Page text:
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Partnering Audiology and Legislation: the ASHA Impact

October 25, 2006

by Janet Deppe, ASHA Director of State Special Initiatives

Responding to the need for infants to receive timely early intervention services, the American Speech Language Hearing Association (ASHA) is leading a new five-year campaign to diagnose and provide early intervention services for those children identified with potential hearing loss through Early Hearing Detection and Intervention (EHDI).

Hearing loss continues to be most common birth defect in America with between 1-3 babies out of every 1,000 born with some type of permanent hearing disability. However, in 1998, just over 20% of hospitals in the United States screened infants for hearing loss. ASHA set its first a five-year goal in 2000 to provide hearing loss screenings for at least 90% of newborns by the time they were one month old. That goal was achieved in 2005.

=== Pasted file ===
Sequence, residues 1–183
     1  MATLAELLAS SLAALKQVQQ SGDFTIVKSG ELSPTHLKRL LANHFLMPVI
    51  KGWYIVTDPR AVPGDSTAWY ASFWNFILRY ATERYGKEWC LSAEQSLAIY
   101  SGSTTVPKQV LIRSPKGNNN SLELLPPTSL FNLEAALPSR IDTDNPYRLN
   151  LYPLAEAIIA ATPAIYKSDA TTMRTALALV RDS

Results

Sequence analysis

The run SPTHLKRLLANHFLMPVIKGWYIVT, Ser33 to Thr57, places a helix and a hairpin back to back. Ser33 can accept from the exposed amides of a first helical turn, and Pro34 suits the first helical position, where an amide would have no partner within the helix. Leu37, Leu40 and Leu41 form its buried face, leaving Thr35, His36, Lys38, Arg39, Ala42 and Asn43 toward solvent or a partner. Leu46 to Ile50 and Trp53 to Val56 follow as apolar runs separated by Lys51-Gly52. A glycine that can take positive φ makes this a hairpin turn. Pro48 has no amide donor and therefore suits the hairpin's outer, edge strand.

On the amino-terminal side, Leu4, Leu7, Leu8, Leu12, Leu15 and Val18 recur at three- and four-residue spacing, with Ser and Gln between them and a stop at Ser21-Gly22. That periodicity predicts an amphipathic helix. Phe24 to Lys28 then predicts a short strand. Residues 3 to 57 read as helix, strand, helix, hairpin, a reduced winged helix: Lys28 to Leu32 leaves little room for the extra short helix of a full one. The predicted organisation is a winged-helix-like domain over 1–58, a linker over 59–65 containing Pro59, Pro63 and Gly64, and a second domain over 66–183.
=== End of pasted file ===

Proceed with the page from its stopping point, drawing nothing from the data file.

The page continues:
"The impact of delayed detection of hearing loss in newborns and intervention can last a lifetime," ASHA President Alex Johnson, PhD, says. "When hearing loss is found early, intervention and treatment can produce dramatic improvements in a child's speech and language development, and emerging literacy skills."

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